Thoracentesis Procedure

Treating Cardiovascular Diseases in Wisconsin and Northern Illinois

A thoracentesis is a procedure to remove excess fluid in the space between your lung and your chest wall, otherwise known as the pleural space.  The pleural space normally has a small amount of fluid, however, some conditions can cause excess fluid to accumulate.  Removal of the excess fluid will allow the lung to fully expand.  Patients can often breathe easier when the fluid is removed.

Risks and Side Effects of a Thoracentesis Procedure

Risks and/or complications of a thoracentesis can include bleeding from the puncture site and a collapsed lung (pneumothorax).  Additionally, patients may have bruising, pain, or infection.  Side effects include coughing during the end of the procedure.  This occurs because the lung is expanding.

How to Prepare for a Thoracentesis Procedure

There is no preparation needed for this procedure.  However, if you take any blood thinners, you will be asked to stop those 5 to 7 days prior to the procedure.  You may also be asked if you have ever had any bleeding or clotting problems and if you have an allergy to latex.  There is no need to fast for a thoracentesis.  This is an outpatient procedure so there is no need for a hospital stay afterwards unless there is a complication. 

Please arrive 10 to 15 minutes prior to your procedure time to fill out paperwork.  After your paperwork is filled out, you will be asked to change into a hospital gown from the waist up.  You will be cleansed with a special soap that may turn your skin an orange color.

What to Expect during a Thoracentesis Procedure

A thoracentesis can be done in a doctor’s office,  hospital room, or as an outpatient in the Diagnostic and Treatment Center. A table will be placed in front of you so that you may lean forward and rest your arms upon the table during the procedure. You will be asked to remain still and to avoid taking a deep breathe or coughing.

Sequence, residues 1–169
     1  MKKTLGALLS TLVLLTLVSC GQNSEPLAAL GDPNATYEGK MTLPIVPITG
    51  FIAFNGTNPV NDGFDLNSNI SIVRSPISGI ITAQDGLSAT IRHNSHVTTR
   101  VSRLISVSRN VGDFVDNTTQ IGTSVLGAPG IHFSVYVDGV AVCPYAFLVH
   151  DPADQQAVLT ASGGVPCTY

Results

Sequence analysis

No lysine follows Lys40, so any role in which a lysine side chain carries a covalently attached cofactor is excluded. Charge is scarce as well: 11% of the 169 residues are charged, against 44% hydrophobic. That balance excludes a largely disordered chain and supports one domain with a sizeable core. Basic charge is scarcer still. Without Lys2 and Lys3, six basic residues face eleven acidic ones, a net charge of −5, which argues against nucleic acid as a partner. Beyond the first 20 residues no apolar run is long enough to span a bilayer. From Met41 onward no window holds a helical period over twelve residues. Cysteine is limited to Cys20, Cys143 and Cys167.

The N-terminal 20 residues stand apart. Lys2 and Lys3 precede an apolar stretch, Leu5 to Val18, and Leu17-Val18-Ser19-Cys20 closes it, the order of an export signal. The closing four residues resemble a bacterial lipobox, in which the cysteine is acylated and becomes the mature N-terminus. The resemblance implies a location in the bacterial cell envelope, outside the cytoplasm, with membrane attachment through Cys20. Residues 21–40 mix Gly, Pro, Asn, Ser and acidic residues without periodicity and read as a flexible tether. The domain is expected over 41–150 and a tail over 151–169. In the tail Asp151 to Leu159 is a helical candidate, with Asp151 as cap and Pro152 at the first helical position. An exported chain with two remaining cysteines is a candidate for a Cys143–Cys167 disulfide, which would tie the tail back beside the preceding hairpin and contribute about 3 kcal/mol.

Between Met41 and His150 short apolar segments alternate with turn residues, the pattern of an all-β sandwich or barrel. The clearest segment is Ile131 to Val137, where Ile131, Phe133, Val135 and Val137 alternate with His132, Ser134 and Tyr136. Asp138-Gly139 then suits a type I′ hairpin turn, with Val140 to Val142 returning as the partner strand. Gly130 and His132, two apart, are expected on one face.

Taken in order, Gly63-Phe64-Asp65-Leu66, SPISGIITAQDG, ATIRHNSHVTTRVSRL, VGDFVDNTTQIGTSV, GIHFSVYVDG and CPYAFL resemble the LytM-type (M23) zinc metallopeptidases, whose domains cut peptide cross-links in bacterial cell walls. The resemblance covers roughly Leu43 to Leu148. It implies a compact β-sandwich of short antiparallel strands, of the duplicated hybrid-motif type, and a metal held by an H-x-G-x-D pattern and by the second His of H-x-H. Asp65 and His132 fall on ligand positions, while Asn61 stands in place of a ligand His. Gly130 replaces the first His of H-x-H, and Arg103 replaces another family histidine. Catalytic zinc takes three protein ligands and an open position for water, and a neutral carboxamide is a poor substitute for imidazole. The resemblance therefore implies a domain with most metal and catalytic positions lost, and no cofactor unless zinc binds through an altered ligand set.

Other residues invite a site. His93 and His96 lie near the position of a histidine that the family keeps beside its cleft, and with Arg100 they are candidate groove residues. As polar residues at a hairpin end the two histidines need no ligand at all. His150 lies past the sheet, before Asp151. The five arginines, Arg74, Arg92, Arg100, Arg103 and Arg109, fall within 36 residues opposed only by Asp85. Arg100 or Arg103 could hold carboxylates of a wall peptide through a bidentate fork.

The process usually takes about 10 to 15 minutes, but it could take up to 45 minutes if you have a lot of fluid that needs to be removed. You are awake for the entire procedure.  Accompanying you in the room are the physician and an assistant who is usually a nurse.

The doctor is positioned behind you.  Often the doctor will use an ultrasound machine to locate the exact location of the fluid.  This ultrasound requires gel that may feel cool on your back.  A little pressure may be applied to enhance the view for the doctor. 

Next, the doctor will administer numbing medication at the site.  This is done with a small needle.  You may feel a prick and then a burning sensation.  The doctor then inserts a needle and small plastic tubing into the pleural space to drain the fluid.  You may feel pressure with this and while the fluid drains, you may have the urge to cough due to your lung expanding.   Once the fluid is removed, the needle and tubing will be removed and a small bandage will be placed on the site.  The fluid may be sent for several tests to determine the reason for the excess pleural fluid.

What to Expect after the Thoracentesis Procedure

After the procedure, you will have your blood pressure, pulse, and respirations checked frequently for up to several hours.  Additionally, you may have a chest x-ray to check for complications.  You will stay for a few hours after the thoracentesis to monitor for complications.  Then, you will be released to go home.  Patients are discouraged from driving themselves home.  You may be sore in the area where the needle was inserted s you may take Tylenol or ibuprofen as per the doctor’s recommendations and in accordance with your current medications. 

Why Choose Aurora for a Thoracentesis Procedure

Aurora Health Care is a leader in comprehensive cardiovascular care. Our physicians have extensive experience in treating patients with a thoracentesis procedure and our caregivers focus on delivering the highest quality of care possible.

Aurora doctors are conveniently located throughout eastern Wisconsin and northeastern Illinois. Find a doctor or vascular specialist near you. To get a second opinion or if you need assistance finding a provider, please call 888-649-6892.